Not only did Madison County musical families produce talented musicians, but it seems that the soil itself seemed to create more. Among them are Ralph Lewis, Arvil Freeman, and Roger Howell.

Ralph Lewis

Before he passed away in 2017, Ralph Lewis had been playing music and singing in his unique style since his early childhood here in Madison County. His fame stretched far beyond the county borders as he appeared on the television show Hee Haw and at the Grand Ole Opry, most notably with Bill Monroe and his Bluegrass Boys. With them, he also toured Europe, Japan, and through the US. Although Lewis began his career playing with his brother and then with other groups, he now plays as the Sons of Ralph joined by his sons, Martin and Don Lewis, Cousin Steve Moseley, and the “other brother” Ozzie Orengo, Jr. In 2001, Ralph received the Bascom Lamar Lunsford Award which is given annually to “individuals who have made significant contributions to the folk traditions in the southern mountains.”

Ralph Lewis is a remarkable musician who is an absolutely wonderful performer with expertise in the guitar, mandolin and fiddle
Interview with Joe Penland, July 2010

Arvil Freeman

Another of those famous fiddlers is Arvil Freeman. Freeman was born in the area known as Paw Paw and made his first professional appearance in 1950 on a radio station in nearby Bristol, Virginia, at the age of 14. He toured for a while in the 1960s but has remained close to home since then. In 1974, 1993, 1994, and 1995, he won the fiddle contest at the Mountain Dance and Folk Festival. Throughout the 1980s Freeman played five nights a week in the Marc Pruett Band, at Bill Stanley’s Barbecue and Bluegrass in Asheville and later performed regularly as a member of the Stoney Creek Boys, the house band for Asheville’s Shindig on the Green. He was one of five fiddlers chosen to highlight North Carolina fiddle styles on the PBS’ Folkways series hosted by four-time Grammy-winning local musician and storyteller David Holt.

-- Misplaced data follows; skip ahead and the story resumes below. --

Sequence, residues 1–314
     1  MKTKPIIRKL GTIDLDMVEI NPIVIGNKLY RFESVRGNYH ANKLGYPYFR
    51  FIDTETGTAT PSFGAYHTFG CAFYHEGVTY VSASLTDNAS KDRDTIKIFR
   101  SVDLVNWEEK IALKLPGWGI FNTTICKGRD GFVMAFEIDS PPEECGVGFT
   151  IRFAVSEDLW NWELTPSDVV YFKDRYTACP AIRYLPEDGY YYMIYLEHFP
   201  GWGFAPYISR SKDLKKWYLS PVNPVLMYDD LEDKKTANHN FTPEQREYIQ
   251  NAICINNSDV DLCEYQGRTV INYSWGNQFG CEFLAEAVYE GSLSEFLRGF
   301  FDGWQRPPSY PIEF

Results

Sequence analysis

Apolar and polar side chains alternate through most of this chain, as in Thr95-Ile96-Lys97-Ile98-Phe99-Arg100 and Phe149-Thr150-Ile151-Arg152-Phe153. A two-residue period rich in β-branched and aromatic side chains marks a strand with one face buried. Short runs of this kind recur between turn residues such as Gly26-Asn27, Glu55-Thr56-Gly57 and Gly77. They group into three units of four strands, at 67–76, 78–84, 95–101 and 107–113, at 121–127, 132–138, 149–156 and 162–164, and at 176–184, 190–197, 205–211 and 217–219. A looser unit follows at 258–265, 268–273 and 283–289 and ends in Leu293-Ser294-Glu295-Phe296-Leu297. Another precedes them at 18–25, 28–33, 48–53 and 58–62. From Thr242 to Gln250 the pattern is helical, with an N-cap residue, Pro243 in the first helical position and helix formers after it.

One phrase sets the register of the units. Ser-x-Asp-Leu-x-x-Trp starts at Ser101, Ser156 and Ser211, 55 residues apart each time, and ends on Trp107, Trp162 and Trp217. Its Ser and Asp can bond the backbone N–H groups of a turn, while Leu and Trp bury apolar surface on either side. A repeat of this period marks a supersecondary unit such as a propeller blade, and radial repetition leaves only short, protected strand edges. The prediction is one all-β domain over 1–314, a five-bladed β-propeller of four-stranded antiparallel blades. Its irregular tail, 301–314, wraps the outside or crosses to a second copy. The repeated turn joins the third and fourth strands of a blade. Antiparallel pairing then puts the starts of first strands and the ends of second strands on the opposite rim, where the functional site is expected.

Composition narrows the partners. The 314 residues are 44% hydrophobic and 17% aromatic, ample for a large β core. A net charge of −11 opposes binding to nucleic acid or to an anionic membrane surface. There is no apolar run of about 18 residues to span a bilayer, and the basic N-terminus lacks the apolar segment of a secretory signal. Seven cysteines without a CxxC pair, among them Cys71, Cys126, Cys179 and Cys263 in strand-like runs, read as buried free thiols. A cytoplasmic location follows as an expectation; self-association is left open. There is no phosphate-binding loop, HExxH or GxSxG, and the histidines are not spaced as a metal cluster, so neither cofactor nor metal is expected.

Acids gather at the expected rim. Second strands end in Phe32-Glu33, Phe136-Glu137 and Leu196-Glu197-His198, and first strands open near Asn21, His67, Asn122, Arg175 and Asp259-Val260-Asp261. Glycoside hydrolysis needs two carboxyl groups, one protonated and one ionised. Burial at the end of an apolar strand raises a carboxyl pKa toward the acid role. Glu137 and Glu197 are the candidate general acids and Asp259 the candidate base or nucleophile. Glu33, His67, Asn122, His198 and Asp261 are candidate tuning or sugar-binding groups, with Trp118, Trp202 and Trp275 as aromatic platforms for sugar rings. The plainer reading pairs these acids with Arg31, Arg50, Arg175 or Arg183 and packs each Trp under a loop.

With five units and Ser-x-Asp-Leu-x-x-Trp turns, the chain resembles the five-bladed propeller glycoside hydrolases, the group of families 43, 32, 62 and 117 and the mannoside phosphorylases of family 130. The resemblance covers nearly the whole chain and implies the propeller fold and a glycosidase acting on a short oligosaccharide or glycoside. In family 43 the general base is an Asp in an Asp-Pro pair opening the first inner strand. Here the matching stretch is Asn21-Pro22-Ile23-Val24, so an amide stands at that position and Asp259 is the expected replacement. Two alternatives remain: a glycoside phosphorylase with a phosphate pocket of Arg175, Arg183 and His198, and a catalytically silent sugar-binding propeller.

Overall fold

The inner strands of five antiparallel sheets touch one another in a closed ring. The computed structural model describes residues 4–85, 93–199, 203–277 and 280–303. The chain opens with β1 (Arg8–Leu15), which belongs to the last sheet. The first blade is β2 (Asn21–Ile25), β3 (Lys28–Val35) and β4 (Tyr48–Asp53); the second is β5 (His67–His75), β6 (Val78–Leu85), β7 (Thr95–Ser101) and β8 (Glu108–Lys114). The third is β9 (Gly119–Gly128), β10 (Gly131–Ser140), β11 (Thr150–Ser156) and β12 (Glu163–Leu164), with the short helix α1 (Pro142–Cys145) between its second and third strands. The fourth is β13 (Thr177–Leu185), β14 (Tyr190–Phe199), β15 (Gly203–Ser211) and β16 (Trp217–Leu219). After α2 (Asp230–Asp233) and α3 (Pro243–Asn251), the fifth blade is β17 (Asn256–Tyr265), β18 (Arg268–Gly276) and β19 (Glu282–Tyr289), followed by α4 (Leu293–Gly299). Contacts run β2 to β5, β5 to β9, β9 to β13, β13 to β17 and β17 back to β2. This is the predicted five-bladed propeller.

Arvil Freeman is one of the kindest, sweetest people you’ll ever meet. He was born “poor as dirt” and grew to be one of the best all-around musicians, although his best talent is on the fiddle. The best compliment I ever heard paid to Arvil was when Ralph Lewis (of Sons of Ralph) told him that he was making a record and Arvil couldn’t make it so they had to use Vassar Clements (a Grammy-award winner who has been dubbed the Father of Hillbilly Jazz).
Interview with Joe Penland, July 2010

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Roger Howell

Tommy Hunter was the number one mentor to Roger Howell. It was from Tommy Hunter that Roger Howell truly learned to play and was given the experience to play in front of large crowds. Roger grew up on an appropriately named road–Banjo Branch–although he first played the guitar. As Roger described it, “I was just a local boy and played like many other people do in the mountains. After awhile you pick up stuff, and it’s no big deal. Everyone done that around here. They’d farm during the day and they’d play by night.” He has appeared on scores of albums, recording with his friend Doug Phillips on the ground-breaking album Blue Ridge Mountain Music in 1991. As he continued to perfect his bowing style, he also turned to collecting, producing, and documenting many field recordings of local fiddlers, including over 150 tunes from the late Madison County fiddler Woodrow Boone. The Appalachian Archives at the Ramsey Center, Mars Hill University, is the home of this collection.

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